Thus, financial planning strives to achieve the following twin objectives. (a) To ensure availability of funds whenever these are required: This include a proper estimation of the funds required for different purposes such as for the purchase of long-term assets or to meet dayto-day expenses of business etc. Apart from this, there is a need to estimate the time at which these funds are to be made available. Financial planning also tries to specify possible sources of these funds. (b) To see that the firm does not raise resources unnecessarily: Excess funding is almost as bad as inadequate funding. Even if there is some surplus money, good financial planning would put it to the best possible use so that the financial resources are not left idle and don’t unnecessarily add to the cost.
Thus, a proper matching of funds requirements and their availability is sought to be achieved by financial planning. This process of estimating the fund requirement of a business and specifying the sources of funds is called financial planning. Financial planning takes into consideration the growth, performance, investments and requirement of funds for a given period. Financial planning includes both shortterm as well as long-term planning. Long-term planning relates to long term growth and investment. It focuses on capital expenditure programmes. Short-term planning covers short-term financial plan called budget. Typically, financial planning is done for three to five years. For longer periods it becomes more difficult and less useful. Plans made for periods of one year or less are termed as budgets. Budgets are example of financial planning exercise in greater details. They include detailed plan of action for a period of one year or less.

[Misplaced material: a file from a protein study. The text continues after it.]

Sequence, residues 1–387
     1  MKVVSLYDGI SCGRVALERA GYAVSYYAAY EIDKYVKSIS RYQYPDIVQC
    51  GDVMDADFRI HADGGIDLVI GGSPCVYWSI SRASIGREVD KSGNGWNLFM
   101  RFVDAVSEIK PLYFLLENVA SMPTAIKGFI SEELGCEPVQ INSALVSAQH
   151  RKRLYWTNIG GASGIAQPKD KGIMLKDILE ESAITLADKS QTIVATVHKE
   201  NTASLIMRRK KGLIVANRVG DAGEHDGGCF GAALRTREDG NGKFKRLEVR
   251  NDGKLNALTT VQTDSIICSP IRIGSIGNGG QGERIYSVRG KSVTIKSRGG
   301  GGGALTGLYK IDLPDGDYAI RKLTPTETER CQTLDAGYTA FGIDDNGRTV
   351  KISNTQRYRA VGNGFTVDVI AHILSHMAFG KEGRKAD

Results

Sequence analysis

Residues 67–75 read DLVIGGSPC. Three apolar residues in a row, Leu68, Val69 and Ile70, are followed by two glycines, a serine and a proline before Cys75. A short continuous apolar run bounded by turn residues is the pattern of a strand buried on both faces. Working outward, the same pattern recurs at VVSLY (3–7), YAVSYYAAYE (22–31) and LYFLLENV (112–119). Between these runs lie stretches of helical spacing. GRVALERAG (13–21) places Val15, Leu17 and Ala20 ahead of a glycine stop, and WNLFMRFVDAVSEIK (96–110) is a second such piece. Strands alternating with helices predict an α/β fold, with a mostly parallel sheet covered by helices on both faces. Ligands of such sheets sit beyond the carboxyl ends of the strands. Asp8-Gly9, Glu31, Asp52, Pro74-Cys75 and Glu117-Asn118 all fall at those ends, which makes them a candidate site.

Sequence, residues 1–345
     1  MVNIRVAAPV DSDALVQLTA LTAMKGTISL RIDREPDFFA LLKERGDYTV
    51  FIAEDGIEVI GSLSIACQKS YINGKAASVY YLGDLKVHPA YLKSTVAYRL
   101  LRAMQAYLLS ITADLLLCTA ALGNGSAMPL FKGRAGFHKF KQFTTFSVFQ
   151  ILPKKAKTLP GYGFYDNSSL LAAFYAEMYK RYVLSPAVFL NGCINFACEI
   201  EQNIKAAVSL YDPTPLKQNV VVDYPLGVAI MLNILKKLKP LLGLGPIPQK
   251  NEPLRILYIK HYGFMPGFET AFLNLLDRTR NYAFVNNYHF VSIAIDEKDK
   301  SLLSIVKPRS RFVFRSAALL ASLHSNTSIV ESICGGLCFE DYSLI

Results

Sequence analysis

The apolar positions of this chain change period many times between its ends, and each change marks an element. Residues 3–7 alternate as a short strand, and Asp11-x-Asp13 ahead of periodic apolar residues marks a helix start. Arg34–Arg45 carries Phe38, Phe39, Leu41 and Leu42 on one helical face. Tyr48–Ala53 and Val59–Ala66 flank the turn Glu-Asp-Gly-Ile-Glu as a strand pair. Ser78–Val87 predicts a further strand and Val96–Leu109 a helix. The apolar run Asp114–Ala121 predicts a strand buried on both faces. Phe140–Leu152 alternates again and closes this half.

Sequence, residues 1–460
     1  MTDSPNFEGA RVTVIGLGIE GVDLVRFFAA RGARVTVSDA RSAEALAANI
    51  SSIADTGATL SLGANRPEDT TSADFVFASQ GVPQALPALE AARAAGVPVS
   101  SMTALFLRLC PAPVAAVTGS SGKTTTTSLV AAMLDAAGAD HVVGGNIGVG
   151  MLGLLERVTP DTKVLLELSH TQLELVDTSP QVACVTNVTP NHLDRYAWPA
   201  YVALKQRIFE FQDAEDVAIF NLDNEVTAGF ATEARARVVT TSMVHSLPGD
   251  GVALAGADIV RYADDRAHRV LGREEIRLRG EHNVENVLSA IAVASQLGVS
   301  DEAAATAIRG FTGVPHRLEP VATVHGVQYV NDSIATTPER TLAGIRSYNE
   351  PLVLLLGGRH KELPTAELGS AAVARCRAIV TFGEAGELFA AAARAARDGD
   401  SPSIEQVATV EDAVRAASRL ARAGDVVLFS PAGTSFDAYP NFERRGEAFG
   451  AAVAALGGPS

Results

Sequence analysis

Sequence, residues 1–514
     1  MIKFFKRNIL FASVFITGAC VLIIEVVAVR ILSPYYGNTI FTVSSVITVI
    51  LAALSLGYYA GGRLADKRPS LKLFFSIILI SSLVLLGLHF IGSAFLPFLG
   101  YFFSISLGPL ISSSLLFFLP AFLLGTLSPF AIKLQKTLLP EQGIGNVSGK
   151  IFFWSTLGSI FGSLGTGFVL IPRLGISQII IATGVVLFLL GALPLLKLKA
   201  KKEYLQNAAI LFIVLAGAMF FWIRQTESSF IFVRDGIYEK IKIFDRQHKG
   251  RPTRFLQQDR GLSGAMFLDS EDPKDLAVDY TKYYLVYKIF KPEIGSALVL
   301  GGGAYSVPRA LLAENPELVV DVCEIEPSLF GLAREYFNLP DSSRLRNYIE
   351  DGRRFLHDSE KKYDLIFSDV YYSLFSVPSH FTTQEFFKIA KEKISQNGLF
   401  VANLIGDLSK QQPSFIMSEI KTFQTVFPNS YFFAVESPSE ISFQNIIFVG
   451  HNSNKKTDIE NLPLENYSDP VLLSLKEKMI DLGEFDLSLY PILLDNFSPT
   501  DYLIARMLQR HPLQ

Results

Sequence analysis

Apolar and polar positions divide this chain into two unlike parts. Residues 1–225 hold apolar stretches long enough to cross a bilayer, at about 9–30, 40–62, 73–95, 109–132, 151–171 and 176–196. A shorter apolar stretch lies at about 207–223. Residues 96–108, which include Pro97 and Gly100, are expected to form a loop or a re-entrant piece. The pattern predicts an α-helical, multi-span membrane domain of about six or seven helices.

Financial planning usually begins with the preparation of a sales forecast. Let us say a company is making a financial plan for the next five years. It will start with an estimate of the sales which are likely to happen in the next five years. Based on these, the financial statements are prepared keeping in mind the requirement of funds for investment in the fixed capital and working capital. Then the expected profits during the period are estimated so that an idea can be made of how much of the fund requirements can be met internally i.e., through retained earnings (after dividend payouts). This results in an estimation of the requirement for external funds. Further, the sources from which the external funds requirement can be met are identified and cash budgets are made, incorporating these factors.Financial planning is an important part of overall planning of any business enterprise. It aims at enabling the company to tackle the uncertainty in respect of the availability and timing of the funds and helps in smooth functioning of an organisation. The importance of financial planning can be explained as follows:
Financial planning is the financial concept discussed in the above paragraph. The process of estimating the fund requirements of a business and specifying the sources of funds is called financial planning. It relates to the preparation of a financial blueprint of an organisation’s future operations. The objectives to be achieved by the use of financial concept are stated below: